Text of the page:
During the T3 developmental stage, kohlrabi plantlets continued to grow intensely developing leaves and roots. This growth stage was characterized by an increase in IAA levels (Figure 2A). Presumably, this was a consequence of the hydrolysis of IAA conjugates, which was consistent with lowered IAA-Asp levels at the previous stage [64]. As key growth regulators, auxins are involved in cell division and expansion, stimulation of lateral root initiation, and adventitious root formation, among others. Importantly, auxin also plays a critical role in regulating leaf growth and development [157,158]. Additionally, a significant drop in concentrations of the physiologically inactive IAA catabolite, 2-oxindole-3-acetic acid (OxIAA), argues for increased auxin action, since oxidation of IAA moderates IAA signaling [159].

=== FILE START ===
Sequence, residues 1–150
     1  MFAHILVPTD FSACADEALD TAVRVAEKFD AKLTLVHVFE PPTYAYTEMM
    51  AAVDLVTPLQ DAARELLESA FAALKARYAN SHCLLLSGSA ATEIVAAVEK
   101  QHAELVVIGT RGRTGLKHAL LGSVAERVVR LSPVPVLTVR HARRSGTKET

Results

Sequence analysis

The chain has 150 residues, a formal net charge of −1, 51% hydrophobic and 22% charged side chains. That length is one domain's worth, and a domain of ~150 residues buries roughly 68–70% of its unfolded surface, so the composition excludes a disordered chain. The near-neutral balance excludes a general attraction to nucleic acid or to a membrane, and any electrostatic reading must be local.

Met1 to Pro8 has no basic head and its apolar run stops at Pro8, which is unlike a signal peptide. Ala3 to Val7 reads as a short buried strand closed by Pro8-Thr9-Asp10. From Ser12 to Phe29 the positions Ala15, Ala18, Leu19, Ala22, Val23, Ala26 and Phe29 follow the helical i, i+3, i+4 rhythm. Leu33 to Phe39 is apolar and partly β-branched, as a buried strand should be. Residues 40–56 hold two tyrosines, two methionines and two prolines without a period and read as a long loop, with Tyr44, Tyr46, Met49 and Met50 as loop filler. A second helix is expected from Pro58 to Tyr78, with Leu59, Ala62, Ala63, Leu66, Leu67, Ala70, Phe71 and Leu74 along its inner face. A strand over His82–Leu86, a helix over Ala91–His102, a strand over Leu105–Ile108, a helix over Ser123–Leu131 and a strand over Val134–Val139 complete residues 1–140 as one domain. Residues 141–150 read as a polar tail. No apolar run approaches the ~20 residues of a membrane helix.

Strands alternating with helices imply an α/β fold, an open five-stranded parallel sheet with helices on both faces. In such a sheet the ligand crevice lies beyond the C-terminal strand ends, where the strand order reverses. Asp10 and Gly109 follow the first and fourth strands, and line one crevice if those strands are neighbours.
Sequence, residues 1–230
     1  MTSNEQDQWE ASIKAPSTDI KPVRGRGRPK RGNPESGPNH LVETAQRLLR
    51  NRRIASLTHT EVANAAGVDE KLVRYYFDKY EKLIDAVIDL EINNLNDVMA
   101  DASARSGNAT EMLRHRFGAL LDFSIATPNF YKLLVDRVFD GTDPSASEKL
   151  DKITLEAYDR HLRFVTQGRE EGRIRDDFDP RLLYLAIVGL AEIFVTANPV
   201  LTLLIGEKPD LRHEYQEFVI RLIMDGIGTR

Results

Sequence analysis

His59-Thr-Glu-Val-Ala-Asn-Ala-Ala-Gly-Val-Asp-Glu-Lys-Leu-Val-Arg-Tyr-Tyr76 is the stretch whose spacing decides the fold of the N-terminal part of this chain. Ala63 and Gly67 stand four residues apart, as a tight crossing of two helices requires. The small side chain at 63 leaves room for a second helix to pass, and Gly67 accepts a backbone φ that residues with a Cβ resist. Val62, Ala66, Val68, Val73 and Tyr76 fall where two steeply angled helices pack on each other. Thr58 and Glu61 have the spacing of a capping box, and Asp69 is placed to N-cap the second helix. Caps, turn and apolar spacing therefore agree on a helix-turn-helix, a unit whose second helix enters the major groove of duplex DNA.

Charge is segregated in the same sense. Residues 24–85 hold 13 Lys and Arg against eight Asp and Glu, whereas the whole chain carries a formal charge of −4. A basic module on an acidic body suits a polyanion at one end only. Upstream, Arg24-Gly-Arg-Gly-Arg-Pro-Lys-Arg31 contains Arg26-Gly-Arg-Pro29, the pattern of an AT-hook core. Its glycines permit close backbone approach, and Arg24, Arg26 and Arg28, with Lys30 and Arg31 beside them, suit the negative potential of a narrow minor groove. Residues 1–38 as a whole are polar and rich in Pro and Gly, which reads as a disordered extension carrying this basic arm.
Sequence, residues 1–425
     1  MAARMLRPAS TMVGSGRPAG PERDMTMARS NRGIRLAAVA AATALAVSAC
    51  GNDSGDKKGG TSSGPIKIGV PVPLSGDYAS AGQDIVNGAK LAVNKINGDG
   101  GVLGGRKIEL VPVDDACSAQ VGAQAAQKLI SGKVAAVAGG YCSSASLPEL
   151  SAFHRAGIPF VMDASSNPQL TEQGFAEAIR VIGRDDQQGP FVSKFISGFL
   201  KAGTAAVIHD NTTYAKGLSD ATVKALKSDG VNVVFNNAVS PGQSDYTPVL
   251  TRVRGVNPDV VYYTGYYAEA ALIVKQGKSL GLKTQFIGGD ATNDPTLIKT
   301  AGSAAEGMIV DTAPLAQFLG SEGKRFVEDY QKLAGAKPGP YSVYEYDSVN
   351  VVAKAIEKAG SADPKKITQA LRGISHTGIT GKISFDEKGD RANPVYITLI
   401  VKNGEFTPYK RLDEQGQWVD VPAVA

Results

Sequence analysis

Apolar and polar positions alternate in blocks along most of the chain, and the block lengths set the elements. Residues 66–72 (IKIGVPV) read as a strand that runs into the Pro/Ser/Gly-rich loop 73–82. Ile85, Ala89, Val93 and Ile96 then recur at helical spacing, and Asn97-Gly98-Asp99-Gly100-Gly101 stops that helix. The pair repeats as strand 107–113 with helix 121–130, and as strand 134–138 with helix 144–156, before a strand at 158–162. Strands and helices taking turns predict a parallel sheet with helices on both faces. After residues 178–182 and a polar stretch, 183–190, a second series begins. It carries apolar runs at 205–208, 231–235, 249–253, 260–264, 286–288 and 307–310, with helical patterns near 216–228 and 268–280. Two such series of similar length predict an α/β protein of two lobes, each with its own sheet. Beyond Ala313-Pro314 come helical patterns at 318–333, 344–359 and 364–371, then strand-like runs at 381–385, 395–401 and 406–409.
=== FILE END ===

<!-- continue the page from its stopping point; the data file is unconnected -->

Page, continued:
The content of indole-3-acetamide (IAM), an inactive precursor of IAA, increased even more than IAA at this time. Several plant species have been shown to contain IAM [160], and large amounts of IAA have been detected in transgenic lines overexpressing the iaaM gene coding for tryptophan 2-monooxygenase, which catalyzes the conversion of Trp to IAM [161]. Furthermore, IAM hydrolases that convert IAM to IAA have been isolated from Arabidopsis and Nicotiana tabacum [162,163], suggesting that the IAM pathway is an alternative route of IAA biosynthesis in plants, possibly including kohlrabi.